The City of Sacramento uses Trimble GPS, LaserCraft LRF, GPS Analyst, GPS Correct and synchronizes with a transactional ArcSDE enterprise database. The City paid ~$13,000 for the hardware/sofwtare. The city uses these devices for:
Street Sign Inventory ~150,000 assets Urban Forest ~150,000 (initial collection is contracted out). On going data management will use GPS and ArcPad.
If you want to buy a GPS/LRF set up for use with GPS expect to pay for the following:
High-end GPS (~$4500-5000) [Trimble/TopCon] LRF - ~$3000-4000, the City of Sacramento uses LaserCraft Contour (gun) pole - $200 yoke - $100 GPS pole mounting bracket - $50
Software (Assuming ESRI shop)
ArcPad $500 GPS Correct $500 GPS Analyst $2000
Pathfinder Office $1500 TerraSync $1000
If the Trimble solution is used, the it will be more difficult to manage data collected by multiple users and to synchronize changes to a central GIS database.
FAST $2000 - form builder for TopCon units. Can integrate with ArcPad, but you can only see the current feature collected. Will need TopPad for a more integrated solution with ESRI.
TopPad $500, TopCons custom ArcPad for use with TopCon units
The software/hardware will have on-going maintenance and licensing fees. Be sure to add this to your budget.
If you want to purchase such a set up, here are some things to think about.
1. Budget for hardware/software 2. Skilled GIS staff (that can set up GPS, fully understands GPS issues, and can manipulate data and back end processing) 3. How many assets are going to be collected 4. Available staff to conduct collection and on-going data maintenance 5. Work out and test a data collection workflow. If this is done ad hoc, then you can waste time, hardware/software expenses, and data management time. This will lead to the data either difficult to use or not used.
Opticks is my new endeavor for developing an open source image processing software that I can provide to my Remote Sensing students at American River College. I am getting set up to begin plug-in development for Opticks hopefully to expand some functionality of the out-of-the-box Opticks.
Opticks has been the cleanest open source image processing softwares I have seen lately...so much so I am foregoing my Python Image Processing endeavor. In addition, it seems Opticks has a hyperspectral slant to it as well, definitely something that will be up and coming in the near future.
I will continue to update based on my findings so that others have an idea of what it will take to develop themselves and use the Opticks software.
Some of the things I would like to be able to add to Opticks is:
1. Various band raios. This looks pretty straight forward with using their Map Algebra tool and you can create your own "custom" band calculations.
2. Image processing using a moving window (edge detectors, specialized filters)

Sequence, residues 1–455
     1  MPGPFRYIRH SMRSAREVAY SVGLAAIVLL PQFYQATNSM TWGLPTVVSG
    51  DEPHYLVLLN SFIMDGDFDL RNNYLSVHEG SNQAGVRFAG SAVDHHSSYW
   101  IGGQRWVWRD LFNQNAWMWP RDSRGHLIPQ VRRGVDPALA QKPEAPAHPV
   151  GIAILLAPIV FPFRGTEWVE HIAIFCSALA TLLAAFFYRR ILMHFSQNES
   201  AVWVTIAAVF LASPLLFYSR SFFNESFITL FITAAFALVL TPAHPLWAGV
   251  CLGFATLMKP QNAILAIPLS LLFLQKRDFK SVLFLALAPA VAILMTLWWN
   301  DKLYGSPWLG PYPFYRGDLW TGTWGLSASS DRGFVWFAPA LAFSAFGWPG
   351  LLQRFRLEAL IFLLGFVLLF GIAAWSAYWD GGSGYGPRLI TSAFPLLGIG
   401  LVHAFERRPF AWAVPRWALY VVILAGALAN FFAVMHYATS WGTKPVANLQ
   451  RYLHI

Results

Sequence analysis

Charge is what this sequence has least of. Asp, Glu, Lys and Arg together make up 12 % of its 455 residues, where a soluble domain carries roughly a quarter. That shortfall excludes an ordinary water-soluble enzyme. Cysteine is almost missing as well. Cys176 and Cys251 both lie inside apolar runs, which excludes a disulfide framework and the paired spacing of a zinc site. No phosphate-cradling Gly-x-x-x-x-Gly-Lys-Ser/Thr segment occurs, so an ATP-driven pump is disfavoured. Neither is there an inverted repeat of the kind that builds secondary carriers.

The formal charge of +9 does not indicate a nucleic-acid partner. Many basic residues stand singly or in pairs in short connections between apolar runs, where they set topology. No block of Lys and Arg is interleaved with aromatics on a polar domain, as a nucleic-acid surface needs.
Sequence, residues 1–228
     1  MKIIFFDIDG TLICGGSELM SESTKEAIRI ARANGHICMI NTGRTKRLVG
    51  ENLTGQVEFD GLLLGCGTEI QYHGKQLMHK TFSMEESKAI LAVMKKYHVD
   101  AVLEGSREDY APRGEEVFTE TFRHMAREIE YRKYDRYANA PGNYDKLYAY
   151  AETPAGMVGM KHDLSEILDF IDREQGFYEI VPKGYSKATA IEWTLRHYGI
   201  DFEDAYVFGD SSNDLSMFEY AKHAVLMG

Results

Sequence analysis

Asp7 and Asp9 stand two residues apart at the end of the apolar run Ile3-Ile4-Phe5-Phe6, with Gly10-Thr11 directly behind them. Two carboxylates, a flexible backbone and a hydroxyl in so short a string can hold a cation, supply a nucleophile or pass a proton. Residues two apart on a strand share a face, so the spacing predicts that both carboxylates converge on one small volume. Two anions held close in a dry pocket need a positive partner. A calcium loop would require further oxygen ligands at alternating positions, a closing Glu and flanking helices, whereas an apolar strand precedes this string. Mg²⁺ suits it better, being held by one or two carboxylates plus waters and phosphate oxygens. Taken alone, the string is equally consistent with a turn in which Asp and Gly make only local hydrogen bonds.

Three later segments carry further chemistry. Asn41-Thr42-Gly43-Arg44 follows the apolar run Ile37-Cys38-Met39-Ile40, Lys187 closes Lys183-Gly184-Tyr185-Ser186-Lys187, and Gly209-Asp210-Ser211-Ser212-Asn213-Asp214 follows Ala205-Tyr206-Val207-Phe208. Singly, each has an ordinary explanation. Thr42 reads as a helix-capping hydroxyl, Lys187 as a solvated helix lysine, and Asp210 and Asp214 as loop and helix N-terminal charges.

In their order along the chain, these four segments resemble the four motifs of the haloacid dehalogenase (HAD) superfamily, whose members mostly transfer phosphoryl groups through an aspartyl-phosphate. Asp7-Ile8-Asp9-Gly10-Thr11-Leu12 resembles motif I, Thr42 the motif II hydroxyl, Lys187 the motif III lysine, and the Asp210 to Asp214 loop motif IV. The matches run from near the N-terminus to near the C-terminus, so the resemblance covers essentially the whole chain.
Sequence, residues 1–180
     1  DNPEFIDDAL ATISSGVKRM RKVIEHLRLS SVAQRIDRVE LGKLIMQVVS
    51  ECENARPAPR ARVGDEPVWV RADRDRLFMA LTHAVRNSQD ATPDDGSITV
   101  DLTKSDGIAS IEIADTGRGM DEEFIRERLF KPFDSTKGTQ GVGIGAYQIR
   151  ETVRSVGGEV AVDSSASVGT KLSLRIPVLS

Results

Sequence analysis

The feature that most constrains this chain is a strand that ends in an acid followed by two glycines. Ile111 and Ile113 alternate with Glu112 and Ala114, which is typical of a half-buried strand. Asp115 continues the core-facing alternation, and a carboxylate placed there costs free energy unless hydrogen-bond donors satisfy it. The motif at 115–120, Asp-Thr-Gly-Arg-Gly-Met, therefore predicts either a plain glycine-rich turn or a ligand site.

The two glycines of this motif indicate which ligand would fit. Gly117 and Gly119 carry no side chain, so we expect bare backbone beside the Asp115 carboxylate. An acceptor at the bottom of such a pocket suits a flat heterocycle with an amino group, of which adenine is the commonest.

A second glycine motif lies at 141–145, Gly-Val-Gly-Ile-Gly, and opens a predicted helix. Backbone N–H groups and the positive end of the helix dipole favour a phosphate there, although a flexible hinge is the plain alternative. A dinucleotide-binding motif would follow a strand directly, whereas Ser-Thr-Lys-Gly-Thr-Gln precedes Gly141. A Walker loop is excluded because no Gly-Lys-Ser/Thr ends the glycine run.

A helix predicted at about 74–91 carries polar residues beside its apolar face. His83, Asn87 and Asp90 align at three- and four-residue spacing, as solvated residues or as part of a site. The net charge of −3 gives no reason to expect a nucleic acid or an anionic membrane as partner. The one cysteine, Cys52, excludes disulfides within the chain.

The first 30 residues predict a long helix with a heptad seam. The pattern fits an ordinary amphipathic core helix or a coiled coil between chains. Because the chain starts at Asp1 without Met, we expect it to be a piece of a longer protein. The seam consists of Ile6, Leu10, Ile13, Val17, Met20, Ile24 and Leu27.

3. Add RADAR image processing such as slant-to-ground range correction and texture processing.
4. Image Classification. This may be a little tricky to do since it require spectral signatures. I need to check more on this.
This is something that the Sacramento EOC (Emergency Operation Center) is looking into. We are evaluating the use of Google Maps and similar Internet ready maps where we can just load up GIS data for our EOC members (that are not GIS). In past trainings and activations, the EOC membership needs data rapidly and in an environment that is easy to navigate, update, and present on large screens (in addition to creating paper maps and GIS analyses).
This little job offers a 7" display screen running Tablet XP OS, only 1.5 lbs and a little more display real estate than a PDA, makes this a good candidate for the City of Sacramento's water meter mapping. We should be able to connect a bar code scanner to collect the necessary water meter information.
Here is a rough assessment of the two GPS units. I recently conducted a field trial on the GMS-2. Most of my experience is with a GeoXT. Both of these work pretty much the same with the same kinds of data collection issues. If the GPS receiver is obstructed, the accuracy goes down, even with post processing). In Sacramento ("The City of Trees") we have this problem and with tall buildings or near the sides of buildings (i.e. water meters, tree inventory, sign inventory).
-Accept Glonass (Russian) Satellites (i.e. more satellite coverage than other GPS units) -Built in Digital Camera (very cool!) -Pictures are automatically downloaded and hotlink field is automatically maintained -Can add Flash memory -WAAS correction -Post processing or real-time correction with additional modules/software
FAST (Form Building software)
-Easy to create -Easy to import to GPS unit -Can add a component for Digital Camera and/or GPS if desired -GIS add-on will allow for export to shapefile and can see GPS data on ArcPad
-Form and ArcPad do not integrate -Can only see current point within ArcPad interface -Must convert .DBF file to Access Table, then import into the FAST Form to update existing records -GIS workflow is not as streamlined as GeoXT (more steps and must build a process to manage and maintain a unique ID)
Accuracy (submeter - 2-3 meters, depending on satellite coverage and post processing capability)
(~$5000-6000, includes all hardware/software - GMS-2, FAST with GIS capability, post processing software)
-Straight forward GIS workflow (must use Trimble GPS Analyst and GPS Correct) -Completely integrated with ArcPad -WAAS Correction -Post processing with GPS Analyst or add-on real-time correction beacon and software
Form Builder software
-Build forms through ArcPad or ArcPad Builder
NOTE: You can use TerraSync (field data collection) and Pathfinder Office (post processing and form building), but this will not work very effectively for use in an ArcGIS environment, thus I don't mention it.
-Digital Camera separately attached -Photo management on back end or through additional software -No Glonass satellite reception
Accuracy (submeter - 2-3 meters, depending on satellite coverage and post processing capability)
(~$4000-5500, includes all hardware/software - GeoXT, GPS Analyst/GPS Correct, ArcPad)
I am working on a solution for collecting field data on water meters using a Tablet PC with ArcPad and a connected bar code scanner. If anyone has any experience in integrating a Tablet PC (not a GPS or PDA), a bar coder, and ArcPad, I would like to hear about it. I am trying to get a bar code scanner that will be able to direct connect to the Tablet PC through a serial port so I can directly record the bar code in an ArcPad text field.
I have had a serious hiatus from my blog, but I am back. I hope to continue to add comments and posts as time permits. I have a full fledged website www.jenningsplanet.com. Check it out! You will find a full description of what I do professionally as well as a whole host of GIS, Remote Sensing, GPS, Programming, Free Spatial Data, and Internet Mapping resources.